My RSPB Big Garden Birdwatch survey completed today. Birds in garden 3 great tits, 1 robin, 10 sparrows, 1 chaffinch (female), 1 magpie, 1 blackbird (male). Others seen beyond garden : 2 seagulls, 4 wood pigeons, 2 kites, 3 jackdaws, 3 starlings. Quite busy!
Disappointed I didn’t take part in the RSPB’s Garden Birdwatch today leaving it too late in the day. Fingers crossed, I can take part today. The garden birdwatch is a chance to spend an hour paying attention to the birds in your garden. It’s relaxing, challenging, and you’ll be surprised what birds visit your garden.
On a walk with the dogs, I noticed two magpies, a robin singing boldly in the branches a foot or so in front of me (see video) …
.. a crew of garrulous sparrows …
It was a windy day with ice cold winds. I noticed the creaky sounds one tree made in the wind… Listen to the first few seconds of the following video. I couldn’t get any more ‘creaks’ from the tree, perhaps it sense I was recording it.
Variable weather for the day including bright sunshines and the dullest of dismal grey skies. We had sleet, fine snow, hail and rain. The weather couldn’t decide what it wanted to be today… it had an identity crisis.
Later in the afternoon I heard a loud noise from above, I looked outside thinking it was a large skein of Canada geese, but it was a squabble of seagulls. Noisy buggers
A useful page here on collective nouns for birds.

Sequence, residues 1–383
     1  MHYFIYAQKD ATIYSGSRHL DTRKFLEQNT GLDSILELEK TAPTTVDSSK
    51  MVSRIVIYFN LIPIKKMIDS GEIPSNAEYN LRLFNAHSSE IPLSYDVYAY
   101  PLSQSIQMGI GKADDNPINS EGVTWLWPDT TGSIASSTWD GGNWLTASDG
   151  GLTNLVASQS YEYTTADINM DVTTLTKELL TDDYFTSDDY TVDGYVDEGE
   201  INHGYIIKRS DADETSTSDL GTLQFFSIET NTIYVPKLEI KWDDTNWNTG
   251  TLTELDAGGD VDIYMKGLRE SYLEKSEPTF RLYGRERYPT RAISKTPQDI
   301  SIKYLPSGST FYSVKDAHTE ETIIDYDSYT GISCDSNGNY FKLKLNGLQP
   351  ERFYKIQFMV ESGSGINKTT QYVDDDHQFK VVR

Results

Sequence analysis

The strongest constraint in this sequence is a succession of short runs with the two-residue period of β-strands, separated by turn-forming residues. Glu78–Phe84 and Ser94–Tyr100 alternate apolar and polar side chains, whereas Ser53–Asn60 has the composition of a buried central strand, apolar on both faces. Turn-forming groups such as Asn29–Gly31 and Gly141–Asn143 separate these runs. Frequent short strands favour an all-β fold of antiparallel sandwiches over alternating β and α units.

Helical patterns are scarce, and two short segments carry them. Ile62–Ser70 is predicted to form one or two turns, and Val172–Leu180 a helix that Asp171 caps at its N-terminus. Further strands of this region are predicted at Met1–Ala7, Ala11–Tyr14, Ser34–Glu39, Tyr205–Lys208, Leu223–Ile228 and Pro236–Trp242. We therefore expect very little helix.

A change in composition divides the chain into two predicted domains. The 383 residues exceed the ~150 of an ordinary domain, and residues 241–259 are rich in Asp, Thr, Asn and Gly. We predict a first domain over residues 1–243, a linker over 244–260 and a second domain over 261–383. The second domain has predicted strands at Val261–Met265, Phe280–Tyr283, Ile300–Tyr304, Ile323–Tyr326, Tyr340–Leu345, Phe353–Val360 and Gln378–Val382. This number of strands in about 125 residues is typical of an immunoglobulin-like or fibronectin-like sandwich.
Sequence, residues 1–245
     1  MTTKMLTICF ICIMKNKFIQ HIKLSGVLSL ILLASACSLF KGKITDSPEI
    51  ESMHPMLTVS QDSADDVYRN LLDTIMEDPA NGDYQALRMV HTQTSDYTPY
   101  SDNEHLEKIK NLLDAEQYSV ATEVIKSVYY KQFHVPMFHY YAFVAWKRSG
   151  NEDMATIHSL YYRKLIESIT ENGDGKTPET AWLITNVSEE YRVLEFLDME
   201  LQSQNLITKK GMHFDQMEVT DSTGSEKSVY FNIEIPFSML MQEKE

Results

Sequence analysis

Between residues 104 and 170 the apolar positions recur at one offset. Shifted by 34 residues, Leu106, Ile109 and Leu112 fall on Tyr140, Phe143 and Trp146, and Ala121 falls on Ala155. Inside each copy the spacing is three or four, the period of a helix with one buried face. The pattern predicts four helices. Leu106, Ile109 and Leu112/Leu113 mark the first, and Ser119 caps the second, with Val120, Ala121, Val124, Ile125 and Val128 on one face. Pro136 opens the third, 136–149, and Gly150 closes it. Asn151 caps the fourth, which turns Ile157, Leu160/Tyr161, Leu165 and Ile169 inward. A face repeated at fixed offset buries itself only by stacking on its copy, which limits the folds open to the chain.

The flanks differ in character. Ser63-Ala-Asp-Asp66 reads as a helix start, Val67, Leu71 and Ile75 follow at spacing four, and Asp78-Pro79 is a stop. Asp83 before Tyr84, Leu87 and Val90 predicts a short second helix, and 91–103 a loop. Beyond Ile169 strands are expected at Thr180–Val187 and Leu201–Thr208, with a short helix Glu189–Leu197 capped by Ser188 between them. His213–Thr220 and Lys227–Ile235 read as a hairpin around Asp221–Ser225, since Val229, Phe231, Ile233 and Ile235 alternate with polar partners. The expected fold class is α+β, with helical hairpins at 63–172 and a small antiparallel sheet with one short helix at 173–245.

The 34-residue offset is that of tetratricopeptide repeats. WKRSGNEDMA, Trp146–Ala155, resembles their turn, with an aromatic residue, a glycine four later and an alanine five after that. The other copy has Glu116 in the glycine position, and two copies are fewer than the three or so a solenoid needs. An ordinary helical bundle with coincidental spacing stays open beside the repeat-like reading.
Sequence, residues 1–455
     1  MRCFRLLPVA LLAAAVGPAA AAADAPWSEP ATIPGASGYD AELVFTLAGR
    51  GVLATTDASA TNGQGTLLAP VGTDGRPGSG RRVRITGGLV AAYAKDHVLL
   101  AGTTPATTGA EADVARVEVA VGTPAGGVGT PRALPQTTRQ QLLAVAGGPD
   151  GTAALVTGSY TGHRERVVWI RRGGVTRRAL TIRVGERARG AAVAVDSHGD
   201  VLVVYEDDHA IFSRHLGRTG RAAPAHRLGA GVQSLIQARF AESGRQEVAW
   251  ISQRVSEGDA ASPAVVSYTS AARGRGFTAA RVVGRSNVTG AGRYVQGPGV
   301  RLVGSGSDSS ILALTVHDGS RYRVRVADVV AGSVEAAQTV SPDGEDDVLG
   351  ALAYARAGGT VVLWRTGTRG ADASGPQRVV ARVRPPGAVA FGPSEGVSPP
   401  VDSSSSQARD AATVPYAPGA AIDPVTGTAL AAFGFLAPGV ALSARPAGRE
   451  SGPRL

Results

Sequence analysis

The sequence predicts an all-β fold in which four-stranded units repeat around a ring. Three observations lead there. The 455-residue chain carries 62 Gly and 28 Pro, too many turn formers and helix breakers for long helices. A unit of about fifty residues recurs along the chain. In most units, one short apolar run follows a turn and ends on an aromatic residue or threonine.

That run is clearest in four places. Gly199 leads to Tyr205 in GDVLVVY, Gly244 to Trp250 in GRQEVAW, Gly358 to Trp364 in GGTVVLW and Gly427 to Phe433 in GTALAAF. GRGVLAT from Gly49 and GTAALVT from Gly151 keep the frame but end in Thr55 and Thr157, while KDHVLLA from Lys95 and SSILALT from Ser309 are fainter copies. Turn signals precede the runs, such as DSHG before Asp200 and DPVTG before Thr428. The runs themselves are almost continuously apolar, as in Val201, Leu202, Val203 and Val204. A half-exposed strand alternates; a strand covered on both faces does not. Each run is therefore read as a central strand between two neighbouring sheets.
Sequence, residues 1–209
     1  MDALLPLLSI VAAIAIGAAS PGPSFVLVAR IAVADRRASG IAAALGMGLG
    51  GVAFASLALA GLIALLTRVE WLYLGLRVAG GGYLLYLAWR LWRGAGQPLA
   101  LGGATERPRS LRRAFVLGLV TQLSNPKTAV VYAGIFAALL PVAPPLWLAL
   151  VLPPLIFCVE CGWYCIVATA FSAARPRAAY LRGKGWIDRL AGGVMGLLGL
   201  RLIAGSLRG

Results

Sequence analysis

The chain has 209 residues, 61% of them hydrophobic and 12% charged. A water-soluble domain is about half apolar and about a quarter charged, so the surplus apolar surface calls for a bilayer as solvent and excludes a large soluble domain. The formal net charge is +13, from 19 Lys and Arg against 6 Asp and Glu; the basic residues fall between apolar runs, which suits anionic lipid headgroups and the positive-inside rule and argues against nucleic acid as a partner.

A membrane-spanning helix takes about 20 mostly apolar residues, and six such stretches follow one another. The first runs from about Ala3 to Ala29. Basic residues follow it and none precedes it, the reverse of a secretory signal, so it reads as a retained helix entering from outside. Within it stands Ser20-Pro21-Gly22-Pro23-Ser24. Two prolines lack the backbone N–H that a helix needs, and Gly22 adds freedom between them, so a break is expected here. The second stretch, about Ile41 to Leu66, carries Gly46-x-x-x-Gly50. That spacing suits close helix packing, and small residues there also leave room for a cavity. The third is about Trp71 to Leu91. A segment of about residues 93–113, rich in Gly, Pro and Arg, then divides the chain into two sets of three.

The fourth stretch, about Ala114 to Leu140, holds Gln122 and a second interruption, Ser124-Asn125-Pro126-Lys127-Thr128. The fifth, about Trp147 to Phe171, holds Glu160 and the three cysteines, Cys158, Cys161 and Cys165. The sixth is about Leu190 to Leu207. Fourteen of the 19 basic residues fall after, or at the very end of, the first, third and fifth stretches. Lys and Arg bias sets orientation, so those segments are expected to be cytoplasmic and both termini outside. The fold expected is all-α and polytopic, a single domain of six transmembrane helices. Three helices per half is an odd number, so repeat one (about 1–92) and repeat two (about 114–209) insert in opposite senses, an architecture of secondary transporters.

A gloriously sunny day today. It felt uplifting to be out and about for a walk in this sunshine. On an early afternoon walk with the dogs, I noticed the Spring song of the robin. According to the RSPB :
Only for a short period in late summer while they are moulting and inconspicuous do robins stop singing. Both sexes sing.
As with the nightingale, the song is usually delivered from a concealed perch within a bush or a tree exposed perches are infrequent. Autumn and spring songs are distinctly different. The autumn song starts after the moult, from late summer onwards. It is more subdued and melancholy in its tone, while the spring song is powerful, confident and upbeat.
The spring song can start as early as mid-December, reaching full force in spring. Its purpose is two-fold: to defend a territory and to attract a mate. Therefore, spring song is far more powerful in males.
In the morning I noticed a bold-as-brass robin that didn’t flinch until I walked within a few feet of him. He was still as a stone hoping I would pass him unnoticed. As he turned to the side, I saw his flash of orange.
Later that morning I saw two flocks of Canada geese in ‘V’ formation fly past, around sixty geese in total. I suppose that the geese gain aerodynamic efficiency by flying in a close ‘V’ formation and that each formation gains further efficiencies by flying with an ‘ally’ flock.
In the evening, I joined friends at the Dark in the Park running event held at Ynysangharad Park, Pontypridd. It was part of Rhondda Cynon Taff Council’s ‘Couch to 5k’ initiative… good to see the local public parks being used for such healthy activities. Around 150 people joined in the event, running as groups from 6pm, three laps of the Park, around 4k in distance.
At the Park I noticed the light quality, the contrast between artificial and the little natural moon light. Many runners wore LED lights on head-straps. From the distance, as they jogged around the park as a group, they looked like miners with headlamps on their way to the mine.
The temperature was cold, near freezing with an Ice Warning from the Met Office for much of Wales from 10pm that evening. I could see my breath steaming in front me as I exhaled on the run.
The River Taff gurgled by our side for part of the way through the Park.